Have you heard of Global Entry? Until last summer, I hadn’t. I did however know what TSA PreCheck was and I knew it was amazing. I also knew I didn’t want to have to pay for it. But six months and 20+ flights later I started to put a lot of value on streamlining the security process. When I started thinking about how much time I’ve spent in security lines just in the last year I began to reconsider. And then I heard about Global Entry.
Here are the basics:
TSA PreCheck: A shorter security process at the airport for travelers who qualify as “low risk”. There’s usually a separate security line and instead of taking items out of your bag (ie laptop or liquids) and taking your shoes off, you simply place your bags on the conveyor belt and walk through a simple metal detector. I’ve done it before where I literally just put my bag on the belt and walked through (jacket, shoes and all) without stopping.
You may have been through the PreCheck line already. A lot of airports will start sending passengers through that line in order to speed up their other lines.
Global Entry: A US Customs program that allows expedited entry upon return to the US via an automated kiosk. No more filling out the form on the airplane and waiting to have an agent review it and your passport. Global Entry also includes TSA PreCheck.
How To Apply
The process for both is similar. I ended up applying for Global Entry because the $100 fee is only $15 more than the $85 fee to apply for PreCheck so in my opinion there was no reason not to go with Global Entry. Both programs are good for five years.
TSA PreCheck application here
Global Entry application here
The process involves filling out a lengthy application (it’s a background check), paying the fee, and then eventually doing a quick in person interview at a TSA office. It’s not hard to do but the whole process takes a couple of months from start to finish.
Here’s how my timeline panned out…
June 2nd – I filled out the online application and paid the (non-refundable) $100 Global Entry application fee.
June 16th – Exactly two weeks later (on my birthday no less!) I got the email telling me that I had been conditionally approved and to schedule my interview. An interview involves going to one of the Global Entry offices with your passport to answer some really basic questions.
The Global Entry office at Sky Harbor in Phoenix (which is where I live) offered time slots starting at about 6-8 weeks out from the current date. Not great if you’ve got multiple trips booked in that time frame. I’ve read elsewhere that a lot of people try to schedule their appointments at another airport that they’re flying into if that airport can give them an earlier slot. Unfortunately, a lot of the major airports don’t have any immediate openings. I’ve been told that you should check back for last minute cancellations but I checked constantly and never found any.
In a hurry? There were three airports I found that had immediate openings. As in, they would have taken me the next day if I’d been able to. Those airports are Albuquerque (ABQ), Tucson (TUS) and Salt Lake City (SLC). What’s particularly special about SLC is the fact that they have Saturday and Sunday appointments while most of the other airports do not.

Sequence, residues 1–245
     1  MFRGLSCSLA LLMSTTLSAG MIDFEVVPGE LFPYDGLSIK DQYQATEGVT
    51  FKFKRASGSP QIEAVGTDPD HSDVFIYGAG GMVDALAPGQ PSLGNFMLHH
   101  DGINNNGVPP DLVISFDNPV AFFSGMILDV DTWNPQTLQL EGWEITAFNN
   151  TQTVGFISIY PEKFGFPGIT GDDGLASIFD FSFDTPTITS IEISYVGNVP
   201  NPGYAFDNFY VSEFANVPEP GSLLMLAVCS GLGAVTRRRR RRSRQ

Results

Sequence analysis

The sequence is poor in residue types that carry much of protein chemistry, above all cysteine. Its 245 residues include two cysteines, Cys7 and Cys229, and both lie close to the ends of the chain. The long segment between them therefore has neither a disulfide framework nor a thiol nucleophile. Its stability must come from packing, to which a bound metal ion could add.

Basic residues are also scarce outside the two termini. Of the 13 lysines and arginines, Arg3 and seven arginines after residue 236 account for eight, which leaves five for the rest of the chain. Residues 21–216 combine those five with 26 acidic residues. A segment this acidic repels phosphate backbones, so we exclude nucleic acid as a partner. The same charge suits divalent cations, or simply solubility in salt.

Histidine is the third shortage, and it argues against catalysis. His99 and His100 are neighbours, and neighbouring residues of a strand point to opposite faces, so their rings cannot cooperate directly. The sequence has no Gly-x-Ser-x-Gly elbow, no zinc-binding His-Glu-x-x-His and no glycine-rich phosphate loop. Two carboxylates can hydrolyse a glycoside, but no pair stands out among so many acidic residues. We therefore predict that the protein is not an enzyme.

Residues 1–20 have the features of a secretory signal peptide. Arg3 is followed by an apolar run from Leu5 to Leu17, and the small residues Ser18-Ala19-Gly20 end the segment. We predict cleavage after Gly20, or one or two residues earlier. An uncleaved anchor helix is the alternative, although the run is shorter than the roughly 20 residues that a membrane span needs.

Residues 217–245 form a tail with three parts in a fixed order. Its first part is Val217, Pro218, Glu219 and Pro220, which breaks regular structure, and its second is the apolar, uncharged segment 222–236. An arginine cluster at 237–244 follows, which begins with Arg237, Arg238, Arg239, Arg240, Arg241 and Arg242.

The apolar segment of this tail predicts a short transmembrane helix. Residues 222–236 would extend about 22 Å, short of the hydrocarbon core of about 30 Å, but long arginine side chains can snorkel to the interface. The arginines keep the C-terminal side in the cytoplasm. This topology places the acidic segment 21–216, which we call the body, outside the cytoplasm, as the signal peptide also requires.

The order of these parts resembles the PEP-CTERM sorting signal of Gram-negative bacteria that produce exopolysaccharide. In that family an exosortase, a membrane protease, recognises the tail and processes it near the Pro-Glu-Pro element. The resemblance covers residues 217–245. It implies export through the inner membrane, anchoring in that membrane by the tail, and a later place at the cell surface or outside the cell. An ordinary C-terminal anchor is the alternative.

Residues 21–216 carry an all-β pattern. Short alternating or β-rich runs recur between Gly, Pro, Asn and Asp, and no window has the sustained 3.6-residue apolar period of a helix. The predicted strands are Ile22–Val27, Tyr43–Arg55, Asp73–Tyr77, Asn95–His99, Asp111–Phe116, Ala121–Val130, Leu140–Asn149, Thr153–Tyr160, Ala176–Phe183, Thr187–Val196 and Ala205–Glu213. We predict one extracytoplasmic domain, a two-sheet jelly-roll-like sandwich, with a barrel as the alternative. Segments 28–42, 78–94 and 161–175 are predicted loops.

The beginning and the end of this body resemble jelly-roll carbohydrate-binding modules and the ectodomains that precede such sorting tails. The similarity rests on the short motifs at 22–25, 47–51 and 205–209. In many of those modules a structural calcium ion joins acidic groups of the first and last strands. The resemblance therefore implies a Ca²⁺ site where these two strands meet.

I ended up deciding to drive down to Tucson to get mine done. Why not just wait for an opening in Phoenix? I had six flights scheduled between when I got my conditional clearance and when my interview would be. Obviously the time taken to drive down to Tucson and back might end up being equal or even slightly more than the time I would have spent going through security for those six flights. But what mattered to me was that having Precheck would allow me to make a couple of tight timelines work on those trips. Plus, Tucson is kind of a home away from home for me (I’m a U of A alum) so it didn’t bother me to make a drive down there.
June 22 – I walked into the nearly empty Global Entry office in Tucson and five minutes later I was having my fingerprints taken. I was then asked which countries I’ve visited in the last 5 years. After a quick picture (for my ID card) I had a confirmed Known Traveler Number!
June 28 – I flew for the first time with my Known Traveler Number and had PreCheck on my boarding pass! Success!
First week of July – My Global Entry card arrived in the mail. I’m not entirely sure that I’ll ever need the physical card itself but now I have it.
And I’ve had PreCheck print on every boarding pass since then! It’s added up to countless hours of time saved in security lines and made my travel days way less of a hassle. I was also able to use the Global Entry kiosks upon my return from Europe and made it through Customs in a flash!
Two Things To Note
Once you get your KTN (Known Traveler Number) be sure to enter it when you book your flights! Without that information in your reservation the airline won’t be able to issue you a boarding pass that shows you have PreCheck. Most airports will not let you into the PreCheck lane without a current boarding pass showing PreCheck on it!
You are not guaranteed PreCheck on every flight despite having Global Entry (or just plain PreCheck)! In the fine print there is the caveat that they reserve the right to not issue PreCheck at their discretion. Also, only the major airlines qualify to print PreCheck on boarding passes (see the list here). However, I’ve flown over 20 times with Global Entry and have had PreCheck on every single flight so this is just a FYI and not really a legitimate concern.
So in closing…if you only fly once or twice a year you probably won’t find it worthwhile to pay for either program. But if you fly frequently you’ll find that both programs are major lifesavers! My biggest advice for someone thinking about applying for Global Entry? Just do it!
What about you guys? Do you have TSA PreCheck or have you enjoyed the perks of going through the PreCheck line?